feðgar, m. pl. [faðir], father and son (or sons), Eg. 18; Kveldúlfr ok þeir feðgar, Kveldulf himself and his son, 84; við feðgar, we, father and son, Nj. 8, Stj. 190; þeim feðgum, Fms. vii. 65, Fbr. 22; vin þeirra Sturlu feðga, a friend of Sturla and his father, Sturl. ii. 111; lang-feðgar, q.v., lineage of agnates.

FEÐGIN, n. pl. parents, (in Icel. the neut. is the collective gender for male and female); in old writers only in this sense, but about the time of the Reformation it was replaced by foreldrar, Germ. vorältern, which word in old writers means forefathers, whereas feðgin is the word for parents only; várra fyrstu feðgina, of our first parents (Adam and Eve), Stj. 39; feðgin vár, Lil. 18; hans feðginum, Stj. 127; einberni sinna feðgina, Mar.; börn ok þeirra feðgin, K. Á. 146; frænda eðr feðgina, Bad. 122; feðginum eða ná-frændum, parents or near kinsfolk, Fms. ii. 227; feðgrina barnsins, N. G. L. i. 392; hjá feðginum sínum ok forellris-mönnum, by his parents and forefathers, Stj. 190; sing., hvárttveggja feðginit, 97: this sense still remains in guð-feðgin, q.v., god-parents; and it has slipped into two passages of the Icel. N. T., viz. þetta sögðu hans feðgin, John ix. 22; fyrir því sögðu hans feðgin, 23; (for in all the other passages foreldrar or foreldri is used.) II. mod. father and daughter, cp. mæðgin, mother and son; systkin, brother and sister, all of them neut.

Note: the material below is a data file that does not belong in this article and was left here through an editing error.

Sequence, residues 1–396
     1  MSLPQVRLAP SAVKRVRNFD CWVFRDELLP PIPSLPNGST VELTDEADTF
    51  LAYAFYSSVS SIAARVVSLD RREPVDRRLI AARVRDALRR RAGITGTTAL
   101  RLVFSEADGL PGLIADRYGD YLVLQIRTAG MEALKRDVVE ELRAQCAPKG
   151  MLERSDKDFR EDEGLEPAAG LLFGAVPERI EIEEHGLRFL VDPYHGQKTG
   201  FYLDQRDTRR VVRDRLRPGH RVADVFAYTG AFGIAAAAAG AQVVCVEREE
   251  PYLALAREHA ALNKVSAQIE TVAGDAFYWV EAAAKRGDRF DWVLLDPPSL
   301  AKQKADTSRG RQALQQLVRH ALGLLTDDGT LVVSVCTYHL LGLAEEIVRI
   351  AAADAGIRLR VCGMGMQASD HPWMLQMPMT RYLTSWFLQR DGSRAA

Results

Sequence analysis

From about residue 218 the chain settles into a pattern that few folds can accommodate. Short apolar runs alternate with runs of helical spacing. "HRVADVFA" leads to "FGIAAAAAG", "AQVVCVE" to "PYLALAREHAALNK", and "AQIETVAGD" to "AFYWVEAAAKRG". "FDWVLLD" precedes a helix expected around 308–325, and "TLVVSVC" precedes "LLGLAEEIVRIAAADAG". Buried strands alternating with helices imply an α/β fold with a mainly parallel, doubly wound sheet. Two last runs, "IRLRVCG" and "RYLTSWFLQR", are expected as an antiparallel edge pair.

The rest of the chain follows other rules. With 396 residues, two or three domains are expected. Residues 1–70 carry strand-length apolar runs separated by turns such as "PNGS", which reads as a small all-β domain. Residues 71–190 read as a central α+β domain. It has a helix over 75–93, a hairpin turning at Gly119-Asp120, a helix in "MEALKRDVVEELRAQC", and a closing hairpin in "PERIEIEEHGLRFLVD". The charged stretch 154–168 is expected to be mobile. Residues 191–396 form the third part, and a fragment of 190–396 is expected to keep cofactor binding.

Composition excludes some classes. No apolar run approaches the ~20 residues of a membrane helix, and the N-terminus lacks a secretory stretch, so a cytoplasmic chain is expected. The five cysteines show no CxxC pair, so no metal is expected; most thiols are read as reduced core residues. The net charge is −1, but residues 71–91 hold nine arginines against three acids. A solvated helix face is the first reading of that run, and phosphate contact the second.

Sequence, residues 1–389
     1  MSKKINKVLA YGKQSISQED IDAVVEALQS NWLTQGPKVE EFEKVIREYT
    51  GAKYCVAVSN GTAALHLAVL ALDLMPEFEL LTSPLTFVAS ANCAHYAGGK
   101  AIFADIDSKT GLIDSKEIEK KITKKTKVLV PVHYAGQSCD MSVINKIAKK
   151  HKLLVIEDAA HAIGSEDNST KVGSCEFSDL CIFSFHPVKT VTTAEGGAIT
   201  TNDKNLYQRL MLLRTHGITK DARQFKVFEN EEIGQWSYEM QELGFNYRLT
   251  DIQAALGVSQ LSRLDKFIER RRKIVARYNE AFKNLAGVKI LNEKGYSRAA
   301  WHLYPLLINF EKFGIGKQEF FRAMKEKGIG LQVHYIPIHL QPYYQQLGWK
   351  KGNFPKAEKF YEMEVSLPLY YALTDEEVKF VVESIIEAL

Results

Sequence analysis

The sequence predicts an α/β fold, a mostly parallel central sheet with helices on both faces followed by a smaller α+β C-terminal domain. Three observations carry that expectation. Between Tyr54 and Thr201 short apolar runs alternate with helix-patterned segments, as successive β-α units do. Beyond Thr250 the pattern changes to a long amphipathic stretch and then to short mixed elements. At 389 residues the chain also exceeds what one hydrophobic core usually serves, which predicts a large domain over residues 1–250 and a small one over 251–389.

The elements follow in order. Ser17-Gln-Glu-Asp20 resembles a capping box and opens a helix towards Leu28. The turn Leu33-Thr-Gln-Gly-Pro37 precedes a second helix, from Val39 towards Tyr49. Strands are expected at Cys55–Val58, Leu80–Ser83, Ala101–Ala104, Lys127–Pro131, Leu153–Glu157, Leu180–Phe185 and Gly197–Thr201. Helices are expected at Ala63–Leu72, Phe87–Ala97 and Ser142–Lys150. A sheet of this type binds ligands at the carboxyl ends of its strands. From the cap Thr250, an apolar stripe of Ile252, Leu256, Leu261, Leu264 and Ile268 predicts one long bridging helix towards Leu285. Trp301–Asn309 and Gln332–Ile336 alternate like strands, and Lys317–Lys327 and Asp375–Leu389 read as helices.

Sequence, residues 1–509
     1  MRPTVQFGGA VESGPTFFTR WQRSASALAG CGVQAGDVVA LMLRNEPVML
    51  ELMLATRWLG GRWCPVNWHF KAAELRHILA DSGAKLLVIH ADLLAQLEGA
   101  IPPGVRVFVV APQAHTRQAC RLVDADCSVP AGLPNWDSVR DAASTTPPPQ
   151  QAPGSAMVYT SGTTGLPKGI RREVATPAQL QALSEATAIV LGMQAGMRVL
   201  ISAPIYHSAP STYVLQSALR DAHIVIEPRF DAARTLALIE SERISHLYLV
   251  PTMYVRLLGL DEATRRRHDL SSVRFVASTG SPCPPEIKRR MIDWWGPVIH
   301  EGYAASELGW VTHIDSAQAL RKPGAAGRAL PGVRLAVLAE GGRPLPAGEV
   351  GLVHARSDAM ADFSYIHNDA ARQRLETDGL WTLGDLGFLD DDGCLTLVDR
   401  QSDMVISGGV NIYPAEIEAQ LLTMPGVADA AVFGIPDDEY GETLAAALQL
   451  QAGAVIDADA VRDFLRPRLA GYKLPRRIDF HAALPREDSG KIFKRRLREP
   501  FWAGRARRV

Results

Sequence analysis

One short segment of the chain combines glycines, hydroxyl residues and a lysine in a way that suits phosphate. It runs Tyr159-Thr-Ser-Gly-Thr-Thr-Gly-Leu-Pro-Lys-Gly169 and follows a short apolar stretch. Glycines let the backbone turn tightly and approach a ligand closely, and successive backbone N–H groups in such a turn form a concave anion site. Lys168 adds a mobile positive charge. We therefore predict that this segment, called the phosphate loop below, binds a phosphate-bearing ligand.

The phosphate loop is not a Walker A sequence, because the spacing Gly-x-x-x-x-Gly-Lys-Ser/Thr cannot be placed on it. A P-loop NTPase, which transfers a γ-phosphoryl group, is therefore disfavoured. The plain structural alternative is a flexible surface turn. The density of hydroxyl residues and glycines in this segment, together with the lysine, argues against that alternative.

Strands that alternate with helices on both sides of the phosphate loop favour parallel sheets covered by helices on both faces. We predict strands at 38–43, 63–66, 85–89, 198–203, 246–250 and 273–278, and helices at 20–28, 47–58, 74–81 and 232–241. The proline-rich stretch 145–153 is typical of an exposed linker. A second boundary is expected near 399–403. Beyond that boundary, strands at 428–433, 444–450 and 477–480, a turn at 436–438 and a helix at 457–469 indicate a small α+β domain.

feðma, d, [faðmr], to span or encompass with the arms, Fas. ii. 149.

feðra, að, to father.

fegin-grátr, m. tears of joy, Pass. 31. 17.

fegin-leikr, m. joyfulness, Lv. 54, Fms. x. 231, Bs. ii. 172.